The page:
Oral Histories

Kent & Fern Frost


Kent & Fern Frost

Q2: Where abouts in California does Ned Chaffin live?

K: Well, it’d be in the southern part. I might have his address. It’s been several years since I wrote to him.

Q1: But in all your trips in there you never did see any cows or sheep or cowboys in Standing Rocks, Doll House, or…?

K: Well, yeah , they camped there at Waterhole Flat a lot where that big pothole is. And they had a winter camp there for several years. That was the group that moved in about 1958, I think it was. And they were there for two or three years. Then they moved out. And then the other guy from Hanksville come in there to Waterhole Flats and he run cows in there for years and years. I thought they were doing it up until about three or four years ago.

Q1: Nobody north of Teapot Canyon?

K: I don’t think so.

Q1: Okay, well, thanks, I wasn’t sure. We were trying to figure out how long that’s been ungrazed in there and haven’t been able to find much out about that. Do you have any idea who built the old stock trails, the one going out to WaterCanyon, over the ridge and up and out of Shot Canyon? With all the steps?

K: Well, I thnk the Chaffins built most of them trails. There was Art…I mean, Lou Chaffin and Ned Chaffin were running stock in there, I think.

Q1: Did you ever go down that trail that comes from Chimney Rock ..I’ll show you here on the map…from Chimney Rock into this side canyon of The Maze?

K: Uh, no.

Q1: Now that’s an old stock trail and I’d like to find out some of the history of that one. It’s deteriorated a lot but there are a few places on it where there are some steps and places where they built the trail to get the stock down in there.

K: Well, that Chimney Rock used to be called the Candlestick Rock. And when we went in there the first few times there was a great rock sitting on top of it, looked just like a flame. And that’s why it was called Candlestick. And then after it fell over then they started calling it Chimney Rock, I think.

Q1: You mentioned Henderson Arch in your book. I’d like to find out where that is. We might have changed the name.

K: Where’s Lizard Rock?

Q1: Here’s Lizard Rock.

K: Well, it’s the one that’s just south of this, south of Lizard Rock.

Q1: Is it maybe what they’re calling Muffin Arch now or Tibbett Arch?

K: I think it’s Tibbett Arch.

F: Can’t miss it, it’s a beautiful arch.

Q1: Yeah, Tibbett Arch is really conspicuous from the road.

K: Yeah, that’d be the one.

Q1: Okay. Do you know anything else about the names…The Wall, Lizard Rock, the Plug, Standing Rock…did they have different names at one time?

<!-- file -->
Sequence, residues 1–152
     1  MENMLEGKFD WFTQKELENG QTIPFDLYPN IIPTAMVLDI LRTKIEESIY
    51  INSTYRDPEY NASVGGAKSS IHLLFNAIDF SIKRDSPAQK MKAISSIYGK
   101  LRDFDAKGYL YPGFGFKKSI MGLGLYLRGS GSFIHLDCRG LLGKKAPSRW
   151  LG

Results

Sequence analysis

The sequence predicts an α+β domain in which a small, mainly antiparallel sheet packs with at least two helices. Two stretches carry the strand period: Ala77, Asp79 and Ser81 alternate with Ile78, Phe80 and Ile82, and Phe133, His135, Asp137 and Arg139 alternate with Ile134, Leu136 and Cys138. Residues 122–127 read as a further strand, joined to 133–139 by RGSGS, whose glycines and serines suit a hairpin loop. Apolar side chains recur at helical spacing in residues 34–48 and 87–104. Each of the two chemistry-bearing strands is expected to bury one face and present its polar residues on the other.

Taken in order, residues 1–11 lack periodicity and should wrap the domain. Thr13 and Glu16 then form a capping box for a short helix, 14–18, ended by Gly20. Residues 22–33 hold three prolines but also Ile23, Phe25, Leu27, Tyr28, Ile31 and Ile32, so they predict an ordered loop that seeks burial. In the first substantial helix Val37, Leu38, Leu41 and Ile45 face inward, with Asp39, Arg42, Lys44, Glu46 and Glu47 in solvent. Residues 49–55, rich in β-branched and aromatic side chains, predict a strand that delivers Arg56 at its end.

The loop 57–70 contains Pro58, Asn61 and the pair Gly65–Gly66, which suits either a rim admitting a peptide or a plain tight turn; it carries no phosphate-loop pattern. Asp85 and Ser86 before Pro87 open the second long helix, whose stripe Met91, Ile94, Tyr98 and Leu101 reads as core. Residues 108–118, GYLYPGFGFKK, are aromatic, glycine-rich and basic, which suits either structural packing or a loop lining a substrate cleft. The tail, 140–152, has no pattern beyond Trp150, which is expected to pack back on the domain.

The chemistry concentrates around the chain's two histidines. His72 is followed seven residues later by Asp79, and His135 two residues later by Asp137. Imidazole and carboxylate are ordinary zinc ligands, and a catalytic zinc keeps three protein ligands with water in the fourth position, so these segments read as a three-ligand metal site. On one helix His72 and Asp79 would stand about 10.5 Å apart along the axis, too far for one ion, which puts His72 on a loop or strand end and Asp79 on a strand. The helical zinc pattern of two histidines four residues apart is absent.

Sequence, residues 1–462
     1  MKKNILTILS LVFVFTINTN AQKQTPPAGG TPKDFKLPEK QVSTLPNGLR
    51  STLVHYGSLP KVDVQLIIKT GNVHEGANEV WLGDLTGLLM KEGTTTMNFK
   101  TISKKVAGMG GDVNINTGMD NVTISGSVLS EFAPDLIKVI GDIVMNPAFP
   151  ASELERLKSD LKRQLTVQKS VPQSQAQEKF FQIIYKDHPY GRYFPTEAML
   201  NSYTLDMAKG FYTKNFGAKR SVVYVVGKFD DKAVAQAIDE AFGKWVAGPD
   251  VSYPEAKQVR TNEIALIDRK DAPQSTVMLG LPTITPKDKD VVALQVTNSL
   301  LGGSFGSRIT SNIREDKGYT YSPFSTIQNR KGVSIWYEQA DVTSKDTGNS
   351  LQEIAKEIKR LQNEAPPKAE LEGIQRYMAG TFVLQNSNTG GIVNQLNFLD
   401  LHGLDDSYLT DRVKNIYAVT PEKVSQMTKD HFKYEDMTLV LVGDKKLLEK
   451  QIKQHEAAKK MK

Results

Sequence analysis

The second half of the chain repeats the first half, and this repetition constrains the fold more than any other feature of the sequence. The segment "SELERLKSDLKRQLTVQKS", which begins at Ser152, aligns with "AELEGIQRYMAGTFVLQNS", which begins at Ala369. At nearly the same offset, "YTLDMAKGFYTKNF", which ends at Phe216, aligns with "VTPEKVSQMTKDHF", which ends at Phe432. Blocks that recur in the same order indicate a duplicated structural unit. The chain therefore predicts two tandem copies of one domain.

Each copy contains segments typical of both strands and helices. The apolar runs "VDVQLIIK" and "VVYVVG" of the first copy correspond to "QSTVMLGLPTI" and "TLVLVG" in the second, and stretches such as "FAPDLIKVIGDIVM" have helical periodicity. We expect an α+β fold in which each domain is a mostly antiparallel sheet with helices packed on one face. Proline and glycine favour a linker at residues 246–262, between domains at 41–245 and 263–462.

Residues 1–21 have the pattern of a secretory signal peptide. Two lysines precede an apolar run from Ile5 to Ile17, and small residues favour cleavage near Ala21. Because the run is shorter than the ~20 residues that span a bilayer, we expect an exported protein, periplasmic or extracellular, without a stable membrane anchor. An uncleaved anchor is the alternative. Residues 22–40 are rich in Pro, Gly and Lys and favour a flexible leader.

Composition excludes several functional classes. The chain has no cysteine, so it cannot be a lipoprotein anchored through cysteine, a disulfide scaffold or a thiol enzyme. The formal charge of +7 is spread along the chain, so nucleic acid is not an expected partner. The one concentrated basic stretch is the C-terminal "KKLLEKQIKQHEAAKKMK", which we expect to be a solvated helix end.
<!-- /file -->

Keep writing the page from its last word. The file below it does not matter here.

F: Beehive Arch, is that on there?

K: We called it the Wall because it had windows in it. We started calling it that.

Q1: So you named that one?

K: Possibly.

F: Jasper Canyon; that was Defiance Canyon.

Q1: Lert Knee told me that Standing Rock when he first went in, was called the Totem Pole. Did you call it that?

K: I never did hear it called that.

Q1: Ward Roylance also said it should have been named the Totem Pole.

Fern: Maybe that’s where it come from.

Q1: Yeah, maybe, he named the rock.

K: Well, yea. I was sorry to hear that Ward Roylance died. He was a great old guy.

Q1: I’m sorry too. The Chocolate Drops..do you know about that name, where that came from?

K: I think Dick Smith started calling it Chocolate Drops when he was flying trips over in there with his airplane.

Q1: Well Jack Bickers claims that…and Michael Kelsey in the guide books claim that it should be called the Chocolate Bars. Did you ever hear it called the Chocolate Bars?

K: Well maybe that’s what they called it first, I don’t remember.

Q1: And then it turned into the Chocolate Drops? Did you ever get up on Pete’s Mesa?

K: Yes, I’ve been up there several times.

Q1: Another thing we’re trying to find out…the Nature Conservancy and some of the people at the Resource Management in Canyonlands are thinking that Pete’s Mesa is a relict area – never had cows or sheep up there. Did you ever see…(Tape runs out)

[Continued on next side..some discussion apparently was lost]

I’ve got some letters of inquiry from people writing books on the area. They’ve heard a lot of stories from cowboys, I think they even heard from some of the Chaffins, that they say they had sheep up there.

K: Well I understood that there was a trail up from way over here on the north end someplace getting up on to it, but I didn’t look around there. I didn’t go all the way around it real carefully.

Q1: Well there’s some routes up on top of it but no place that I think a sheep could erver go. A big horn sheep, yes, but a domestic sheep or a person on horseback…

K: Well, I always went just out this route here and up this way.

Q1: That seems to be the easiest way up that I’ve found. I’ve been all the way around it and that, you have to hop over all those boulders and everything, it seems unlikely to me that they would take sheep up that.

K: Well, down in this Jasper Canyon, I went down there one time and there was a buck deer in there – a medium size buck. And I seen it. And it was in there for three or four years and then it disappeared and it wasn’t in there anymore. And I couldn’t imagine how it ever got there unless it come from down below someplace.

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